By Anna Tabet |
Is college really college if you’re not constantly surrounded by young love? I mean if romcoms have taught me anything, college is meant for love and maybe studying if you have time.
If it wasn’t obvious by my blatant sarcasm, I’m not the biggest fan of this notion that college is the best time to fall in love. Understandably, however, love can be inevitable. But going to college with the primary goal of getting married goes against the educational privileges women have fought so hard to attain and preserve.
An “MRS Degree” is a term used by women who mainly utilize college as a way to find a husband. This term originated in the 1950s and is still in use today.
But why would young women revert back to those stereotypes when coming to college?
While it is evident that obtaining an MRS Degree would take hours of hard work and commitment, as well as consistent visits to the library to find a cute, well-read boy, I’m just not sure that it is the best usage of women’s time in college.
Eighteen thirty-three marked the first year women were able to enroll in college; and yet, it wasn’t until 1980 that the percentage of men and women enrolled in college was equal. But now, nearly 11.2 million women were expected to attend college in 2018, in comparison to 8.7 million men.
Sadly, these notable improvements don’t mean that men and women are finally equal. In fact, in a study done by the United States Department of Labor in 2014, women who worked full-time and year-round earned 79 percent of men’s annual earnings. This shows that the women’s movement for equal opportunity is still a constant struggle, and I just don’t see an MRS Degree as a fair representation of women’s battle for education.
Marriage has been an expected life goal for women for centuries. We’ve fought so hard as a community to separate ourselves from this belief that our only aspiration in life should be to become a wife and a mother. While there is nothing wrong with wanting these things (I mean, kids are adorable), college should be a place where you explore the vast opportunities presented to you, because for many, these opportunities were never attainable.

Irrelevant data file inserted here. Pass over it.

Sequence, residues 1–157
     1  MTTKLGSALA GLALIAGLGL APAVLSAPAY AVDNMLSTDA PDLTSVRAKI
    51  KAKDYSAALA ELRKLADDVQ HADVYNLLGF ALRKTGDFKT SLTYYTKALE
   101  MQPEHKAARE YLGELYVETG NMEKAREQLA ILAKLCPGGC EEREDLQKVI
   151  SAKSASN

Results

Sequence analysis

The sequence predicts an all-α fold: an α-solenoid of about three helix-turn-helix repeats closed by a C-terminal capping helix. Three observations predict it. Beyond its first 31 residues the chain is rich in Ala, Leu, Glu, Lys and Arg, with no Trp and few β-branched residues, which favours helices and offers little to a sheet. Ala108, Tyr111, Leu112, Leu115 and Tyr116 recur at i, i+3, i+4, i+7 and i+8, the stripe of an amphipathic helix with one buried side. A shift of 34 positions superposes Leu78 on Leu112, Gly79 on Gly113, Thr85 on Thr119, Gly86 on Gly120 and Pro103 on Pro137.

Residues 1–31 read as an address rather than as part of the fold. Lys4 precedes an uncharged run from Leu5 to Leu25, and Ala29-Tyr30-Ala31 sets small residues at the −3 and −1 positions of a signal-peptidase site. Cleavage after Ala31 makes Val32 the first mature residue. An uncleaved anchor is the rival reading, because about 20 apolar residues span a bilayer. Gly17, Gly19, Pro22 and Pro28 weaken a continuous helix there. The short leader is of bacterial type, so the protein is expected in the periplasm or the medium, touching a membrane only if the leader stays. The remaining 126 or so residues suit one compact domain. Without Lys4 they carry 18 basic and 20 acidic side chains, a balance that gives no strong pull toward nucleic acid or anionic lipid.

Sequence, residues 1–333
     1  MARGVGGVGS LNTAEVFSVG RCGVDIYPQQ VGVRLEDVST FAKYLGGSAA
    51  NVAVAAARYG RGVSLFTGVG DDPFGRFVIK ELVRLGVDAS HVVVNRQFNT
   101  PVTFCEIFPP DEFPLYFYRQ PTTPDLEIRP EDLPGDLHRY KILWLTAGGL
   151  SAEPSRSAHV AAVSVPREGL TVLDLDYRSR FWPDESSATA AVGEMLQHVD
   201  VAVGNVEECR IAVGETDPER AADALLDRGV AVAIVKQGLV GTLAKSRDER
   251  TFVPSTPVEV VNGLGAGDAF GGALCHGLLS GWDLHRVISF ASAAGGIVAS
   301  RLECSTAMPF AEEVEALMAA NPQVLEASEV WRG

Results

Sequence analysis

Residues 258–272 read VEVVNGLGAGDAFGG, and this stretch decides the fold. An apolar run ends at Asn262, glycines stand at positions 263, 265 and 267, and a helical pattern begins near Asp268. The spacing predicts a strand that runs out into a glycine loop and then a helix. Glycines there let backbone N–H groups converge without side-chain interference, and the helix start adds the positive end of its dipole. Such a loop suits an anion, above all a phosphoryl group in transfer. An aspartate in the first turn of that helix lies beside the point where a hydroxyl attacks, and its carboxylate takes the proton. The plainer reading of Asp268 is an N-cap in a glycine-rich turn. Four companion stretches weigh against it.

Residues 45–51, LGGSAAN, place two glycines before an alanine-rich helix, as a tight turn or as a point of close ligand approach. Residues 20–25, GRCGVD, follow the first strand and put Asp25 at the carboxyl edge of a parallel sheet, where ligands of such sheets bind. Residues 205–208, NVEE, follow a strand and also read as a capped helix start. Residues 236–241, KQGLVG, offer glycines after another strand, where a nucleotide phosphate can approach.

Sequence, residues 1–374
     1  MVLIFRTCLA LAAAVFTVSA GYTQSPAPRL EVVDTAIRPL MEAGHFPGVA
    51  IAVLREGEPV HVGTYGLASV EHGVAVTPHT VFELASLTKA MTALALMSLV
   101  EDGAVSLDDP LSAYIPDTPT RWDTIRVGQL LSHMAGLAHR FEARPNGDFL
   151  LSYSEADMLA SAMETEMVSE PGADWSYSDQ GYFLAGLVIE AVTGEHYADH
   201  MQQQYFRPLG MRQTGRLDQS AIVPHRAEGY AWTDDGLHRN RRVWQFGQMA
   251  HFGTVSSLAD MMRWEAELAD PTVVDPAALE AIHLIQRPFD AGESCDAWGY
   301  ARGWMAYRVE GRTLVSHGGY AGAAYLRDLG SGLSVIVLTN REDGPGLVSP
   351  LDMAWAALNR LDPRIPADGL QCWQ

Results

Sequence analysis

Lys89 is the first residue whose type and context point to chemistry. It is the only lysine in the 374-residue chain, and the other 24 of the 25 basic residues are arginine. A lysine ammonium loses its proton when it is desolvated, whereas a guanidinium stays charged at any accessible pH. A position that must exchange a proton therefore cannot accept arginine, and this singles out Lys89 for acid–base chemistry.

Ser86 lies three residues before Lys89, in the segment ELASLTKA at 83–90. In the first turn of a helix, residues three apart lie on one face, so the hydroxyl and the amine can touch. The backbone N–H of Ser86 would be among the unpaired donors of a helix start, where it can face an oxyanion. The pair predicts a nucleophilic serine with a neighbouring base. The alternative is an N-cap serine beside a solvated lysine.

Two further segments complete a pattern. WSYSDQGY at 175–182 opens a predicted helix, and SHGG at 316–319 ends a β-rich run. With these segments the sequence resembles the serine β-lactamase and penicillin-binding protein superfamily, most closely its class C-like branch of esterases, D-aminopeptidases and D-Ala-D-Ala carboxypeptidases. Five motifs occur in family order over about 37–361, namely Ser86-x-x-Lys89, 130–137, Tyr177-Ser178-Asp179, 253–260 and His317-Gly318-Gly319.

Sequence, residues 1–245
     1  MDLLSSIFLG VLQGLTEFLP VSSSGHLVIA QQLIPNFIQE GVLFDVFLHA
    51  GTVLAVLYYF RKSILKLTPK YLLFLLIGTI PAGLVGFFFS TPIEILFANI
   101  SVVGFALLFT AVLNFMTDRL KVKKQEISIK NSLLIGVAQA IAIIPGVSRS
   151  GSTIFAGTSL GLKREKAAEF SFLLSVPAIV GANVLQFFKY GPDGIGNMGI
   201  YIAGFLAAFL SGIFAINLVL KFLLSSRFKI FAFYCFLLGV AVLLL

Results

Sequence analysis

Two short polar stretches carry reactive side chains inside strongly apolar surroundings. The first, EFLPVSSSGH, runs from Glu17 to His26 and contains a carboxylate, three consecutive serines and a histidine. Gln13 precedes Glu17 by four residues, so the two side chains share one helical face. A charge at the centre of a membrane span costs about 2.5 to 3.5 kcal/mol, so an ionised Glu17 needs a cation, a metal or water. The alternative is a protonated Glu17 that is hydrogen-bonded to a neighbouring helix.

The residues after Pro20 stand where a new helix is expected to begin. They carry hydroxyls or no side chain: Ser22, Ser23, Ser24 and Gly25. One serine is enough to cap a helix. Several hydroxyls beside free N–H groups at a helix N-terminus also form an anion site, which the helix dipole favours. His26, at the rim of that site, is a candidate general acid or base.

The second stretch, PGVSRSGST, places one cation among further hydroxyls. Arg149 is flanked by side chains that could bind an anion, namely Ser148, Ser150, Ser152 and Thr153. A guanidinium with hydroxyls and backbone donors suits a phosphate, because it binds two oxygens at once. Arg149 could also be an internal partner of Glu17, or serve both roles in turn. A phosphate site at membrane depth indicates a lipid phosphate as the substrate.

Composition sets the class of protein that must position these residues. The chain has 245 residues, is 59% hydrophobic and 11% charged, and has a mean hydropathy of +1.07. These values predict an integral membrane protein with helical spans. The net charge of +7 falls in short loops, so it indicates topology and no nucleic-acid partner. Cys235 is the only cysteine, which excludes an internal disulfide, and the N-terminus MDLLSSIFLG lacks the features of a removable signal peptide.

In Betty Friedan’s book “Feminine Mystique,” she depicted the emptiness that many housewives felt through their drive to become a “perfect” homemaker. A woman’s femininity was tied to her success as a wife.
But surprise, it’s not the 50s anymore.
Women’s femininity is defined by whatever they choose to define it by. Women are showing their strength and their perseverance without fear of how men will receive it. Women are proud to be women.
And let me just say, it’s so cool.
It’s easy to take college for granted. It’s easy to think that nothing we do while in this bubble we call a campus will affect our lives once we leave. But it can. I truly believe every person has the capability of finding something in college that brings them happiness. But solely aiming for a goal like marriage when people are able to delve into so many more creative activities decreases a person’s capability of making the most out of their time in school.
Although, sometimes falling in love and college just happen to occur at the same time. In situations like these, my thoughts aren’t meant to make people who are in love and in college feel like they’re not reaching their full potential. Love’s timing can’t be controlled. You can’t politely call up love and ask if it could please come back after you’ve completed college, preferably any time between four and six p.m. I understand that no matter how practical, that’s just not how it works.
If anything, my thoughts on this subject are for those who believe the only thing they can gain out of college is a husband. To those people, I’d like to remind you that the only person that controls your future is yourself. Having a husband won’t make your accomplishments any more or less meaningful on your path towards personal growth and happiness in college.
So believe that you can make something of yourself beyond becoming a wife, because analyzing literature is way more fun than analyzing misleading texts from boys.